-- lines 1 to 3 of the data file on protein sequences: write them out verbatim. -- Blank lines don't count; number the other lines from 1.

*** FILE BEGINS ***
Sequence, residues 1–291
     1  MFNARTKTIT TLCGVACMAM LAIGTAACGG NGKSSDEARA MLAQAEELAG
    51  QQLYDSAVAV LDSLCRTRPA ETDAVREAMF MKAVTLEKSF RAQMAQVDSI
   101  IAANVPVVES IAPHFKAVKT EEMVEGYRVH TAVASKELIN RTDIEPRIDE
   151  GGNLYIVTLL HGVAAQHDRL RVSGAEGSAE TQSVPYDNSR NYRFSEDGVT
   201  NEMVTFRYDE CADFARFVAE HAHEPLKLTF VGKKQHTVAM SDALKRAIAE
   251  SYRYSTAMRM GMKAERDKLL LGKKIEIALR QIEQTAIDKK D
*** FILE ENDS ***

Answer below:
Sequence, residues 1–291
     1  MFNARTKTIT TLCGVACMAM LAIGTAACGG NGKSSDEARA MLAQAEELAG
    51  QQLYDSAVAV LDSLCRTRPA ETDAVREAMF MKAVTLEKSF RAQMAQVDSI